Wave Theory Records Presents 3 Women
Legendary Score by Gerald Busby
By: Jessica Robinson - Feb 07, 2021
Wave Theory Records has released the original soundtrack from legendary filmmaker Robert Altman’s 1977 cult avant-garde film 3 Women, starring Shelley Duvall and Sissy Spacek. The strikingly dissonant score was written by American composer Gerald Busby.
Before films talked, they still made themselves heard through intertitles and musical accompaniment. The psychological theory behind having music accompany ‘silent’ films is, so film scholars believe, that watching actors speak with absolutely no sound makes an audience feel, “unalive.” So, to keep movie-goers from feeling ‘dead’ there would be live accompaniments by a pianist, theater organist, sometimes even a small orchestra, playing either from sheet music, or improvisation. For the most part, it was just pleasing background music. They often made no effort to match the picture. Indeed, some pianists sat with their back to the screen, playing anything.
It wasn’t until 1933 that movie music was forever changed when Max Steiner, considered the 'father of film music,' wrote an original film score commissioned specifically for an entire plot. The movie was King Kong. For the first time, music did not just repeat what the audience was seeing, but actually revealed what the characters were thinking - one of the most powerful things that film music can do.
Once the ability to synchronize music and sound to celluloid became possible, music quickly became an essential aspect of the storytelling process. Soundtracks help make movies memorable by reinforcing the atmosphere or mood of a film, as well as giving a rhythm to scenes.
Sometimes the music becomes as iconic as the movie itself. Gerald Busby’s haunting score to Altman’s strange 3 Women is a potent example. Released in 1977, the movie starred Sissy Spacek, Shelley Duvall (for her role she won a Best Actress award at the Cannes Film Festival), and Janice Rule.
Altman said the story came to him in a dream. It is surely dreamlike in its eerie slowness and peculiar atmosphere. It‘s as though it were set in some alternate universe.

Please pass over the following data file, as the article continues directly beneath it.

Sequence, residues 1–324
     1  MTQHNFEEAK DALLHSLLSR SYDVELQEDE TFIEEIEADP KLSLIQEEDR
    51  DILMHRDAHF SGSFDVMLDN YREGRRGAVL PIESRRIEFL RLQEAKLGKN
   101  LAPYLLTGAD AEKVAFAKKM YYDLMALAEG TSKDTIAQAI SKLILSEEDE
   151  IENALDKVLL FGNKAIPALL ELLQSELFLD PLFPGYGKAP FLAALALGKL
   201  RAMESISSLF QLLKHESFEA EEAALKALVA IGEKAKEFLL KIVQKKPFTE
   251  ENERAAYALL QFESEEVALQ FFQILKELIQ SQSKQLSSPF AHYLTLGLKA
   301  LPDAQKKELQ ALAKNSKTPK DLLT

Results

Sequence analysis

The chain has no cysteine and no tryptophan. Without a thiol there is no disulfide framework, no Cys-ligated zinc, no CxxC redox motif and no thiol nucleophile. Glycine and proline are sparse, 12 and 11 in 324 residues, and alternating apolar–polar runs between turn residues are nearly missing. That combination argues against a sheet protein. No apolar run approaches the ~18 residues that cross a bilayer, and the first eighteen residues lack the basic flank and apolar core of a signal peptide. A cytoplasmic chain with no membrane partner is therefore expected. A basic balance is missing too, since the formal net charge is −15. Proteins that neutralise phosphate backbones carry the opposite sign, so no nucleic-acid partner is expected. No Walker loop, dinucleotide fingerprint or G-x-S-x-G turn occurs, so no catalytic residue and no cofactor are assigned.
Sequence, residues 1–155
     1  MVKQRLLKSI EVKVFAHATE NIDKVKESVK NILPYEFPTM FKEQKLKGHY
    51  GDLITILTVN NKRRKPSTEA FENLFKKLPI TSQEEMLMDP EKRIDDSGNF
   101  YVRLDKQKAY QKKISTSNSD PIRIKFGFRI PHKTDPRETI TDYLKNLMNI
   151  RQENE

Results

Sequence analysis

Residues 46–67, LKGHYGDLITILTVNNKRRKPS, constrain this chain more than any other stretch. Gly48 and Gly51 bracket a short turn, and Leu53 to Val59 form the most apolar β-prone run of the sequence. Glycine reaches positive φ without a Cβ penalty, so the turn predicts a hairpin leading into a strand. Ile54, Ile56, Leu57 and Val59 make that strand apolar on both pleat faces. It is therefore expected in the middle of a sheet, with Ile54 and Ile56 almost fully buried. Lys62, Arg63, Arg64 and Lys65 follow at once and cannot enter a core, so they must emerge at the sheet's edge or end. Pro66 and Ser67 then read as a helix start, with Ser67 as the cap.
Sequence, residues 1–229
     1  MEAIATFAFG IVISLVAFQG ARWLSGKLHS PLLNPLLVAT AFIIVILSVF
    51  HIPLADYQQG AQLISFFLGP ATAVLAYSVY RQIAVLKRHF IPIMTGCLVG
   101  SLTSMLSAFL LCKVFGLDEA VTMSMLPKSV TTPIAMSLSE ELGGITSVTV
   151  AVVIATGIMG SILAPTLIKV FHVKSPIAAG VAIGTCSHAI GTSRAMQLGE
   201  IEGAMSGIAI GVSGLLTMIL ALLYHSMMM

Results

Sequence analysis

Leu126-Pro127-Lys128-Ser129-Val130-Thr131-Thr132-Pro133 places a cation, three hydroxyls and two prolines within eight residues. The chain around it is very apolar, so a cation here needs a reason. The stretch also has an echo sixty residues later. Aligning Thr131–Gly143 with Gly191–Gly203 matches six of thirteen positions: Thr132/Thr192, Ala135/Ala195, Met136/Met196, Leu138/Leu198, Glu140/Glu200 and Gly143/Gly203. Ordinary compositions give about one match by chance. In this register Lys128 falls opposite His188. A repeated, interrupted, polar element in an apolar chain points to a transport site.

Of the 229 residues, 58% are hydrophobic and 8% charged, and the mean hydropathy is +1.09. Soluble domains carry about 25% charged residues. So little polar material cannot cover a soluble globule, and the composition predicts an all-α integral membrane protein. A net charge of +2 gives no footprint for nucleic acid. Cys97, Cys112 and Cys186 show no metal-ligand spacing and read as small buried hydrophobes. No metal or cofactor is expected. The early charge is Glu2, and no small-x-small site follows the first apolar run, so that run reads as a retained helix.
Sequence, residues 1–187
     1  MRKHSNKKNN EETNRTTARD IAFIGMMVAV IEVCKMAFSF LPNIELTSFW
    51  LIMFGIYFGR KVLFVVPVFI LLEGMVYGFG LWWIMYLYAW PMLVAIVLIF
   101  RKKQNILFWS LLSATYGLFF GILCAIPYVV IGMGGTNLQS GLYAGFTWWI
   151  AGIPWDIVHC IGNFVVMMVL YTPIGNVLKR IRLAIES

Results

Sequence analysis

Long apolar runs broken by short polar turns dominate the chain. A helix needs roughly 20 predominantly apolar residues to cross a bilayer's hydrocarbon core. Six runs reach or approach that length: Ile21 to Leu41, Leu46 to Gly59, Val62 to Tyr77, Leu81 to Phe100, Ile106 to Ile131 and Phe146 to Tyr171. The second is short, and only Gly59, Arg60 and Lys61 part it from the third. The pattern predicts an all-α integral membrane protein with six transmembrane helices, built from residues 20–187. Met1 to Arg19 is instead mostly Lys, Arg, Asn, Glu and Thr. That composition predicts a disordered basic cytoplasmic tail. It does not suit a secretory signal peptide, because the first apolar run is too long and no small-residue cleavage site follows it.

The movie opens in a geriatric center as old people slowly walk, back and forth, in an exercise pool. Busby’s ominous, atonal score is a counterpoint to these daily rituals, adding to the unsettling atmosphere.
According to Altman, the opening shot represents the amniotic fluid surrounding a fetus. Perhaps these geriatrics are returning to the water from wherein their lives began.
But what’s it about? Maybe it’s beyond meaning. Certainly the film is mysterious, and Busby’s piercing flute solos and pulsating bass strings add to that sense of mystery.
3 Women is considered Altman’s most poetic, yet enigmatic, film. (If you haven’t seen the movie?—?you must!)
How did an unknown composer who had never written a film score, never conducted an orchestra, land such a plum assignment?
In 1975 Gerald Busby had just composed the score to Paul Taylor’s Ballet Runes. It was his very first commission?—?and, according to him, it had been predicted by a psychic. He would meet, the psychic told him, a man five years older than he was, who was established in the arts, and who would ask him to collaborate on a piece dealing with the occult. And, the psychic added, the work would have its premiere in Europe.
A few months after the psychic’s prediction, Busby met Taylor, the famous choreographer, who commissioned him to write a score for Runes, which opened at the Theatre de la Ville, in Paris, in 1975.
The next year the Robert Altman thing happened.
Busby’s lover at the time was a publicist who wrote press releases and arranged screenings for movie critics. One of his film connections was Mike Kaplan, the full-time publicist for Altman. He knew Altman was looking for a composer to score a film he had already shot, without a script, in the God-forsaken California desert near Palm Springs.